1 teaspoon bottled chopped garlic

3 tablespoons olive oil

2 tablespoons fresh lemon juice

1 teaspoon freshly ground pepper

¾ teaspoons salt

1 cup nuts such as cashews


2 tablespoons tahini

2 teaspoons mustard

1 tablespoon olive oil

1 tablespoon honey

¾ cup pistachios

½ teaspoon each salt and pepper


Rinse salmon in cold water and pat dry. Set aside.

Prepare filling: Place all filling ingredients in a food processor. Process finely. Set aside.

To prepare Topping: Place all ingredients in a food processor, and process to a coarse consistency. Set aside.

To Assemble: Preheat oven to 415 degrees. Spray a 9×13-inch baking dish with nonstick baking spray. Place 3 salmon fillets in the dish, 1 inch apart. Press about ⅓ cup filling over each spreading to the edges.

Top with remaining fillets. Spread about ¼ cup topping over each and press lightly.

Bake in preheated oven for 25 to 30 minutes. Flakes should be opaque when separated with a knife. If browning too quickly, cover loosely with aluminum foil.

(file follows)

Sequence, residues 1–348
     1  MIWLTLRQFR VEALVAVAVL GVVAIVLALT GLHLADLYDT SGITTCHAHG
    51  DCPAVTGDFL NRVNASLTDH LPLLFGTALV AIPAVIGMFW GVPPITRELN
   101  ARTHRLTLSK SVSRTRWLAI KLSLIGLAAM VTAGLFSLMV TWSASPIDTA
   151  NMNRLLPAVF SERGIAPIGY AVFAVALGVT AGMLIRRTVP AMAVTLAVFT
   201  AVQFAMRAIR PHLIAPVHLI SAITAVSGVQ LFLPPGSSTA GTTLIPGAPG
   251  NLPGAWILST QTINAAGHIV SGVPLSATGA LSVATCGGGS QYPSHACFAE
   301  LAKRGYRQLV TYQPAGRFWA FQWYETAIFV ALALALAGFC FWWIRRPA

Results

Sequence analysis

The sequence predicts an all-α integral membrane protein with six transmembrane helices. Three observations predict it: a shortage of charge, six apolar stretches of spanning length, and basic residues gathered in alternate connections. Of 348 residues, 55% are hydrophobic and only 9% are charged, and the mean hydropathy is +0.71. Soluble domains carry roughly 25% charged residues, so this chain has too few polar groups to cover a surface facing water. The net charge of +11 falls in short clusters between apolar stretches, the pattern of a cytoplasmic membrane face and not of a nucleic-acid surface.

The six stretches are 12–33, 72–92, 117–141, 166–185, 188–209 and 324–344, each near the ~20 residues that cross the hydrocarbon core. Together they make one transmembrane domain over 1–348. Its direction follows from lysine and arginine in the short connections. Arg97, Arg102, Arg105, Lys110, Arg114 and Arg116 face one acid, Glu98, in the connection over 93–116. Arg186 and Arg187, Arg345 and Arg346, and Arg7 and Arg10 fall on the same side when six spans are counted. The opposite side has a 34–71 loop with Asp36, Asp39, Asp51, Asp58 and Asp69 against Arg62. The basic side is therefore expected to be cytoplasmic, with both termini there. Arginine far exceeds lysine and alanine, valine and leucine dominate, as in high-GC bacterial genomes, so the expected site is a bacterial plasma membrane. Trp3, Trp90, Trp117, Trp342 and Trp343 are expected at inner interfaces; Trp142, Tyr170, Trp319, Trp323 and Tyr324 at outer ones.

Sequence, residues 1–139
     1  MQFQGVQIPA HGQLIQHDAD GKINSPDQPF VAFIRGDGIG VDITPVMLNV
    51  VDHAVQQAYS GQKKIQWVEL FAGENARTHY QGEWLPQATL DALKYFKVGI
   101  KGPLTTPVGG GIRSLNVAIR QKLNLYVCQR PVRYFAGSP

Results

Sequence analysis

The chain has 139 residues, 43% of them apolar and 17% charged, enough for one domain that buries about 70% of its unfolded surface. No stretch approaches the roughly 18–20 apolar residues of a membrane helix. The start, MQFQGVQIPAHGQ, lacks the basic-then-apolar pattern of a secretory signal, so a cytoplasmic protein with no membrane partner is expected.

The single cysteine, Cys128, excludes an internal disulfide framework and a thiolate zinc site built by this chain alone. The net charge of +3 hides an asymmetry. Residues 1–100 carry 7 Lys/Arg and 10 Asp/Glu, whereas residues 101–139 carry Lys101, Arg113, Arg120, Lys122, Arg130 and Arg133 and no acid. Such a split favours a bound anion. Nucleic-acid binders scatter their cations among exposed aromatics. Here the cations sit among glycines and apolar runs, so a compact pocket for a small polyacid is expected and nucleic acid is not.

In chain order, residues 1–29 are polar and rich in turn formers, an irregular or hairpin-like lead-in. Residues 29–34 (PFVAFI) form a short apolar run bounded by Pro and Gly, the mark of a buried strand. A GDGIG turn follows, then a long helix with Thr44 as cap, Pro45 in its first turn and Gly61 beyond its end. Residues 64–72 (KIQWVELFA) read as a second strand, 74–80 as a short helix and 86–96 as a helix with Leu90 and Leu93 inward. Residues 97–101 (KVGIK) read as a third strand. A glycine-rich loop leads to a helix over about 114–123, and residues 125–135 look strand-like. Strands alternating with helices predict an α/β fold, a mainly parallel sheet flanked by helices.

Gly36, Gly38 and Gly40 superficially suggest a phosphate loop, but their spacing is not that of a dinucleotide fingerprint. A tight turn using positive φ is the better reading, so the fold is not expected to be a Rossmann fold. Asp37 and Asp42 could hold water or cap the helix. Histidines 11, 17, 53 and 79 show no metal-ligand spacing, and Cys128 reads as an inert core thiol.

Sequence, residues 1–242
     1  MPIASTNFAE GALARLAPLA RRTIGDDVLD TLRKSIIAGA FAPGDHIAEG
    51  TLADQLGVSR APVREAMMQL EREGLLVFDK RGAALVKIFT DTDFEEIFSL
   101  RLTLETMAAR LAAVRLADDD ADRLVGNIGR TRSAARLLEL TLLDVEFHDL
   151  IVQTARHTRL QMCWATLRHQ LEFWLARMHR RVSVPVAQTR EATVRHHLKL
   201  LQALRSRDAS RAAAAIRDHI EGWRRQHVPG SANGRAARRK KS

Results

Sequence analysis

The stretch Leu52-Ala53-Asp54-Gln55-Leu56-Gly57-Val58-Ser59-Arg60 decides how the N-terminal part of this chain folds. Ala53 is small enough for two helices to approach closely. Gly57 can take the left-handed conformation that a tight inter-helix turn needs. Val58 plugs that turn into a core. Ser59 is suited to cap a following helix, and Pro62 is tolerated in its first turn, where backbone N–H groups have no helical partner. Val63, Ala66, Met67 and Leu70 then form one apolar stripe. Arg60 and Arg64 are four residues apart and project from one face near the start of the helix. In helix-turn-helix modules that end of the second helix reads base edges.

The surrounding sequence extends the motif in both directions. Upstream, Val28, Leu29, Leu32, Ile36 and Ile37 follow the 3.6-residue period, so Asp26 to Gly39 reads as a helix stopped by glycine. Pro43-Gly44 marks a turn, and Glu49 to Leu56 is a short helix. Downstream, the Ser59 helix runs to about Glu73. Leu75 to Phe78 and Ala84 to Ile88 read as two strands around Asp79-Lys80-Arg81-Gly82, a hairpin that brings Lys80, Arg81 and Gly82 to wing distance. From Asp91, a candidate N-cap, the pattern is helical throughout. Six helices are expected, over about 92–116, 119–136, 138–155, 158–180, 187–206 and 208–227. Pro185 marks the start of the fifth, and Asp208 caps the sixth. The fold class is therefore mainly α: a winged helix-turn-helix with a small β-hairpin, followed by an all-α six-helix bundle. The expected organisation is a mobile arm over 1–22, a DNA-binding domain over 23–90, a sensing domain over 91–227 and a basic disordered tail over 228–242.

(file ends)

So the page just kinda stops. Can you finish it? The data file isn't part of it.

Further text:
Cool 10 minutes before cutting each fillet in half. May be served at room temperature.

Pineapple chunks. Credit: Karolina Grabowska/Pexels.

Clove-Scented Pineapple(Vegetarian, Dairy)

Serves 6

Cook’s Tips:

*Use canned pineapple instead of fresh. Pat dry first.

*For pareve, substitute margarine for butter.

*Can swap maple syrup instead of honey.

*Make a parfait. Layer in glasses with vanilla ice-cream or nondairy frozen yogurt.


3 cups pineapple chunks

1 tablespoon butter or margarine

2 tablespoons honey or maple syrup

4-6 whole cloves


Pat pineapple chunks with paper towels to dry.

Heat the butter and honey over medium-high heat. Add the pineapple and stir to coat with honey mixture. Increase heat to high.

With a spatula, turn pineapple chunks as they brown, 1 to 2 minutes.

Insert cloves into the pineapple. Transfer to a serving dish.

Serve warm or at room temperature.

Medjool Dates. Credit: Pictavio/Pixabay.

Halvah-Stuffed Dates (Dairy)

Makes 10-12

Cook’s Tips:

*Medjool dates are large, sweet and soft, originally grown in Morocco and now grown in Israel, the United States and the Middle East.

*Halvah is a sesame-seed confection.

*For pareve, substitute orange juice for yogurt.


3 tablespoons halvah, crumbled finely

1 teaspoon plain yogurt

pinch nutmeg

1 package (8 ounces) pitted Medjool dates

6-8 pistachios, finely chopped (optional)


In a cup, mix the halvah, yogurt and nutmeg. The mixture should be stiff.

Open the dates to flatten them as much as possible. Spoon 1 teaspoon of the halvah mixture into each. Press to partially close.

Sprinkle with pistachios (optional).

Serve at room temperature or chilled.

Ethel G. Hofman is a widely syndicated American Jewish food and travel columnist, author and culinary consultant.